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HUSH VOTE COSTS PUBLIC D.A., ASSESSOR FIGHT TERM LIMITS.

Byline: Troy Anderson Staff Writer

In a unanimous closed-door decision, Los Angeles County supervisors on Tuesday agreed to hire attorneys at taxpayer expense to help overturn voter-approved term limits on the district attorney and the county assessor - a move requested by both officials.

Last year, Sheriff Lee Baca used taxpayer-paid lawyers to help exempt himself from term limits that voters approved in 2002. County government picked up his $19,800 legal tab.

``It's outrageous,'' said Ron Roach, spokesman for the California Taxpayers Association. ``The will of the people has already been displayed. And they didn't even have the intestinal fortitude to do it (in) open session.

``Democracy in Los Angeles County is on hold. If they want to get rid of term limits, put it back on the ballot and let the people decide. Running through the back door of the courthouse is not the same thing as the electorate expressing their will.''

The Board of Supervisors voted 5-0 to approve a request by District Attorney Steve Cooley and Assessor Rick Auerbach to get permission from the Attorney General's Office to file lawsuits against the county seeking to invalidate the voter-approved measure limiting them to three consecutive terms in office.

If the Attorney General's Office grants the request, separate legal counsel for Cooley and Auerbach will be able to file lawsuits similar to the one Baca filed challenging the constitutionality of the term limits.

``If it's been declared unconstitutional by a court, the same principle should apply to both of the other constitutional officers,'' said Cooley's spokesman, Joe Scott. ``There has to be clarity about having them all under the same tent, under the same rules.''

Baca, who intends to run for a third term in March 2006, based his lawsuit on a 1979 appellate court ruling that San Diego County's term-limits law was unconstitutional. Baca challenged the measure adopted in Los Angeles County, arguing state law does not give counties the powers to limit terms for elected officials other than the county supervisors.

The supervisors have not challenged the constitutionality of the term limits imposed on them.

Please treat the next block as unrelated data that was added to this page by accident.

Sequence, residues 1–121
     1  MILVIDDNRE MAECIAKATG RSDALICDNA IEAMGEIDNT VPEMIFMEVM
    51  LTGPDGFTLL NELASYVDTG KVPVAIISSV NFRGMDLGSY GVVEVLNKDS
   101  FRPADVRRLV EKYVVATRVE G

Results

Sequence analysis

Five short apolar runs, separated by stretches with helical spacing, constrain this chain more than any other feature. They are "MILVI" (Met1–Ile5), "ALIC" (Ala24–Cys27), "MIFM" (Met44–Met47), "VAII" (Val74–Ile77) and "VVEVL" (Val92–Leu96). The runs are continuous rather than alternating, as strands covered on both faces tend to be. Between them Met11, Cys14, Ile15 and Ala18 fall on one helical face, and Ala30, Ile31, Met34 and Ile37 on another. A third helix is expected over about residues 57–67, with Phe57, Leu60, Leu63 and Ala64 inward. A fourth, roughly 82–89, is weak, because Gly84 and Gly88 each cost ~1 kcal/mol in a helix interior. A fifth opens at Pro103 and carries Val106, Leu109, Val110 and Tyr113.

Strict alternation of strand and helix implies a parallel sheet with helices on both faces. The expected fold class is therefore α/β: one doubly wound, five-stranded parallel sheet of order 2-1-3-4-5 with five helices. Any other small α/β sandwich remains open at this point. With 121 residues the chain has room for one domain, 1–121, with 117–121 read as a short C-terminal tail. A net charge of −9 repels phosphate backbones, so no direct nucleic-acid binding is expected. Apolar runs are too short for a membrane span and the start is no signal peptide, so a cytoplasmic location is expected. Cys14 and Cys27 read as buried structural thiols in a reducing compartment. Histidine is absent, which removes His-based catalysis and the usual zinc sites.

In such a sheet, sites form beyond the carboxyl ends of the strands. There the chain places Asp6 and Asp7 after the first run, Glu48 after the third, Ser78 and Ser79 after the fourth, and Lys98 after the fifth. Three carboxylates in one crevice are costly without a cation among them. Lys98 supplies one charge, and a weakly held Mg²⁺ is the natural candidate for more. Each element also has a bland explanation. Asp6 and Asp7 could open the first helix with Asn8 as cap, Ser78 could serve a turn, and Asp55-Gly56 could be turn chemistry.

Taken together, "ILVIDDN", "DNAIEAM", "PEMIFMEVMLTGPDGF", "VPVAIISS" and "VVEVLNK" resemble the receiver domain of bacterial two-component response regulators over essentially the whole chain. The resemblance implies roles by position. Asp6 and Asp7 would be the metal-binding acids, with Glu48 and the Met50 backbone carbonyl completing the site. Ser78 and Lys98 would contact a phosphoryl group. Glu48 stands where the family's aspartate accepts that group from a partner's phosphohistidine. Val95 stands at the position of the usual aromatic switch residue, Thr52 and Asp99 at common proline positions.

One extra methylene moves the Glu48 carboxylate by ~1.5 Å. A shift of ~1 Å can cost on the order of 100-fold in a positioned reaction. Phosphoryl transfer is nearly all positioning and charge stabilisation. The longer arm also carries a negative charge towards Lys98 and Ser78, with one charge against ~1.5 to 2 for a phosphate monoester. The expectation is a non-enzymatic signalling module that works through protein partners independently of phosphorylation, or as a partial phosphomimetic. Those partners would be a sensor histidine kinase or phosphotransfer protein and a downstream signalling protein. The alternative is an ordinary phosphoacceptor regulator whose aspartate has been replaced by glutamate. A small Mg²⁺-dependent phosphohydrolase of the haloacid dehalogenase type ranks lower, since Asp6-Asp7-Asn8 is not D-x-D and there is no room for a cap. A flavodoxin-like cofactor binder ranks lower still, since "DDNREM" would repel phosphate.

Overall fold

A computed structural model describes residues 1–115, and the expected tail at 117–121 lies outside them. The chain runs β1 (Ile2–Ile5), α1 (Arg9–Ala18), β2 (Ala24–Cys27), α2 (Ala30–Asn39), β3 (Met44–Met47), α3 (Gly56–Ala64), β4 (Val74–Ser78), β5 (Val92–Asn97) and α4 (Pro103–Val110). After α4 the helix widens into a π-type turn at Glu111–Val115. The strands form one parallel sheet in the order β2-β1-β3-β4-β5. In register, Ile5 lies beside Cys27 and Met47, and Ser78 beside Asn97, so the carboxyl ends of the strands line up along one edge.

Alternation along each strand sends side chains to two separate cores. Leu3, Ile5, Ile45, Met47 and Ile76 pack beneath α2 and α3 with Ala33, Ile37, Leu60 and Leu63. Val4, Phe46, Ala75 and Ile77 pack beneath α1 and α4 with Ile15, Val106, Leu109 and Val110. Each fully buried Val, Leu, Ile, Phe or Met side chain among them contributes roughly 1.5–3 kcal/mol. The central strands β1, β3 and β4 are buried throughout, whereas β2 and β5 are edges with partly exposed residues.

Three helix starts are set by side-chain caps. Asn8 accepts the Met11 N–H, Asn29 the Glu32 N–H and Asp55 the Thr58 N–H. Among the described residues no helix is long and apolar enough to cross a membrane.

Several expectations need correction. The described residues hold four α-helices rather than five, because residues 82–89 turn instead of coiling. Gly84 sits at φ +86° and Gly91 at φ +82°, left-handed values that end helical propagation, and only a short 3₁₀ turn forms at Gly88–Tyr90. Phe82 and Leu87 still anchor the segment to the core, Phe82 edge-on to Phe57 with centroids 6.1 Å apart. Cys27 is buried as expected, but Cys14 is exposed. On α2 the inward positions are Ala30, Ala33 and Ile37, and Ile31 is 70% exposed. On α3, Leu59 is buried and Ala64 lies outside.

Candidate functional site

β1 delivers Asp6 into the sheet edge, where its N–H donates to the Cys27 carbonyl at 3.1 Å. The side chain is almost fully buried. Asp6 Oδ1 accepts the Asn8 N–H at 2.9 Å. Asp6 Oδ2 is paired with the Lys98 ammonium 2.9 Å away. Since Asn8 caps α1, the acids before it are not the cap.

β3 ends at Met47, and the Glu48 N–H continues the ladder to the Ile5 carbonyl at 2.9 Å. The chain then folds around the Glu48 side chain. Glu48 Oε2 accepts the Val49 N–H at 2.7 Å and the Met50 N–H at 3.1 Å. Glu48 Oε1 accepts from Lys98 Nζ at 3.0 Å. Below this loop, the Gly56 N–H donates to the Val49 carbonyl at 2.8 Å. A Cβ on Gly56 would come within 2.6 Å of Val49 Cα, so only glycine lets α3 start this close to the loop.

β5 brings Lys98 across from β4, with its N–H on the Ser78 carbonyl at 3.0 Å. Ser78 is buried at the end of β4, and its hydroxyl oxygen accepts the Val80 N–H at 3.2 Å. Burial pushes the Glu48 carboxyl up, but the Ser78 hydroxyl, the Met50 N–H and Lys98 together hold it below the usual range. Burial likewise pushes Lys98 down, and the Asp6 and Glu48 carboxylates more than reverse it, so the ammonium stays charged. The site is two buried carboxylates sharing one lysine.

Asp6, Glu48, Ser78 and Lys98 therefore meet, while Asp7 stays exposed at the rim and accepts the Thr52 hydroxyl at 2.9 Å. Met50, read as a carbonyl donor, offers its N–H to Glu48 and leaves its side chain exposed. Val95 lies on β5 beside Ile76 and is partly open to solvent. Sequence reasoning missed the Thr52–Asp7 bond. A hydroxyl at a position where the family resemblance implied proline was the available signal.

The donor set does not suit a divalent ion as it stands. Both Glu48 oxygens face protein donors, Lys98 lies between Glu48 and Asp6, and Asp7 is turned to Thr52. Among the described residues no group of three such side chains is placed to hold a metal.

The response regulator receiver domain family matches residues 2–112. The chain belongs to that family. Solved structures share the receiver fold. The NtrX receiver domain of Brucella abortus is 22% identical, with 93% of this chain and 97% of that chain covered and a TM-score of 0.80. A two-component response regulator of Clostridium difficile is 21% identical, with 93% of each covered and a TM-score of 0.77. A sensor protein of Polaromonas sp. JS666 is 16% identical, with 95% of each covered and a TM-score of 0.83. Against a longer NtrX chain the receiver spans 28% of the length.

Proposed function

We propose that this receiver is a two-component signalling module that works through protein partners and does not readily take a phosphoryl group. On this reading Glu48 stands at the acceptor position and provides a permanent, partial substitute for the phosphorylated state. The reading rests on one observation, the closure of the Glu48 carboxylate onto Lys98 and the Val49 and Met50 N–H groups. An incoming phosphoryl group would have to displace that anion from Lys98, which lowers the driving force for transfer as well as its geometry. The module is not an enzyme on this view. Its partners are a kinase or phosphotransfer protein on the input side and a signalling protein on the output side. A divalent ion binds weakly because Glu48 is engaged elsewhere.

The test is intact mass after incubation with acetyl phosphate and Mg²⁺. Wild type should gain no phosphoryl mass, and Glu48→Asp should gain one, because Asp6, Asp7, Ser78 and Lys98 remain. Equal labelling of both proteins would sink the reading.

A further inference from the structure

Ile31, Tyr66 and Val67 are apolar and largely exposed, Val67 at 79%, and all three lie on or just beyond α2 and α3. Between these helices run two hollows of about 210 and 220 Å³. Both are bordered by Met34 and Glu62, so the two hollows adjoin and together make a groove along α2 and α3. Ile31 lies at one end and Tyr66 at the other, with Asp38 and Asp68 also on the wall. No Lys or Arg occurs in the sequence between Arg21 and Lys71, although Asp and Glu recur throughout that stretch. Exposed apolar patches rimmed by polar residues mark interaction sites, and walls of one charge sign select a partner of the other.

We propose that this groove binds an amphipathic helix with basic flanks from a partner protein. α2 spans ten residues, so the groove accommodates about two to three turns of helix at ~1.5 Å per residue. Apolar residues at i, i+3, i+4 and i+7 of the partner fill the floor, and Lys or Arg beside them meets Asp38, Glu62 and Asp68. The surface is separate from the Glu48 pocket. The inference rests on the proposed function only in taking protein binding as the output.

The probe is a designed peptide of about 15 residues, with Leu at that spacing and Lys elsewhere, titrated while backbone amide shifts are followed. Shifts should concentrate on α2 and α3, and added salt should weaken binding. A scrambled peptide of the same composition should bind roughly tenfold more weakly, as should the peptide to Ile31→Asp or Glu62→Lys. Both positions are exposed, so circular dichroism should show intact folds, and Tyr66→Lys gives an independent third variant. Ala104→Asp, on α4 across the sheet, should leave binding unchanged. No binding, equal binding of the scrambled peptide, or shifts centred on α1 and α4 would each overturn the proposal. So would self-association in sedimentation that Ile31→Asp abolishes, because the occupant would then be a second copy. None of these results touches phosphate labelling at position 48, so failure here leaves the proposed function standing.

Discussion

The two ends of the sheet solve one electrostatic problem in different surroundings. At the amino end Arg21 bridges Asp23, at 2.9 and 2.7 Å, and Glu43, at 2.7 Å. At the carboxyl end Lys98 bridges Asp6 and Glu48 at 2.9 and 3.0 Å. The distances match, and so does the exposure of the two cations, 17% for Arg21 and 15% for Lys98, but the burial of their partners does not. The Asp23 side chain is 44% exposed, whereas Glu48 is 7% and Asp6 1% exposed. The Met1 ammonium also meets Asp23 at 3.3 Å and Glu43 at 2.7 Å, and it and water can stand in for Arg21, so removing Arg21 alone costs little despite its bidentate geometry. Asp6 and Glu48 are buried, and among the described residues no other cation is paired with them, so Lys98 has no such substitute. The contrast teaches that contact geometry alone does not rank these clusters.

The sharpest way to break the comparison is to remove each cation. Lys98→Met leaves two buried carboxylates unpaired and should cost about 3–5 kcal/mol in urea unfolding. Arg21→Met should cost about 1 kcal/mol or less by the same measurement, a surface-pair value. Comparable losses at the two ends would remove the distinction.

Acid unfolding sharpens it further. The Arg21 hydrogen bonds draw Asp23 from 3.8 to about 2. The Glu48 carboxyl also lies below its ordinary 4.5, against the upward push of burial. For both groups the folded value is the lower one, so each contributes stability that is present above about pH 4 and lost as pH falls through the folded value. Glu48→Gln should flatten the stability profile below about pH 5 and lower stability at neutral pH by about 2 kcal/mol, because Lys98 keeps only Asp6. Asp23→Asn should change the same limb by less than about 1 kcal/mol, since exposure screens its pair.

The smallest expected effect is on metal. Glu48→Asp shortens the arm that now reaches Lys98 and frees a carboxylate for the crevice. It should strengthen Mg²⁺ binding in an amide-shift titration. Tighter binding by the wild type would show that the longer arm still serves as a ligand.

The original county term-limit initiative targeting the Board of Supervisors was spearheaded by former La Crescenta activist Christopher Skinnell - now a Marin County lawyer - who gathered nearly 300,000 signatures.

But the measure was certified too late because the Register-Recorder's Office miscounted the number of signatures and refused to place it on the ballot in 2000.

In 2001, the group - funded by former county Supervisor Pete Schabarum - reached an agreement to put measures imposing term limits on the supervisors and other elected officials on the March 2002 ballot.

That settlement limited the officials to three more terms in office, meaning they wouldn't begin to be termed out until 2014. Under the original petition that voters signed, the officials would have begun being termed out next year.

Auerbach said he plans to retire before he would be termed out of office but joined Cooley in the request for the benefit of people who will occupy his position in the future.

``I really think if people would have had the opportunity to make a decision on term limits, where the ... supervisors were not included, they would not have voted for term limits for the assessor, sheriff and district attorney,'' Auerbach said.

``I think people view those positions differently than the Board of Supervisors. You want administrators who have been there for a long time, who know the job and are very experienced.''

Troy Anderson, (213) 974-8985

troy.anderson(at)dailynews.com

CAPTION(S):

3 photos, box

Photo:

(1) L.A. County Assessor Rick Auerbach

(2) L.A. County Sheriff Lee Baca

(3) L.A. County District Attorney Steve Cooley

Box:

CHALLENGING TERM LIMITS

SOURCE: Daily News research

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Publication:Daily News (Los Angeles, CA)
Date:May 25, 2005
Words:625
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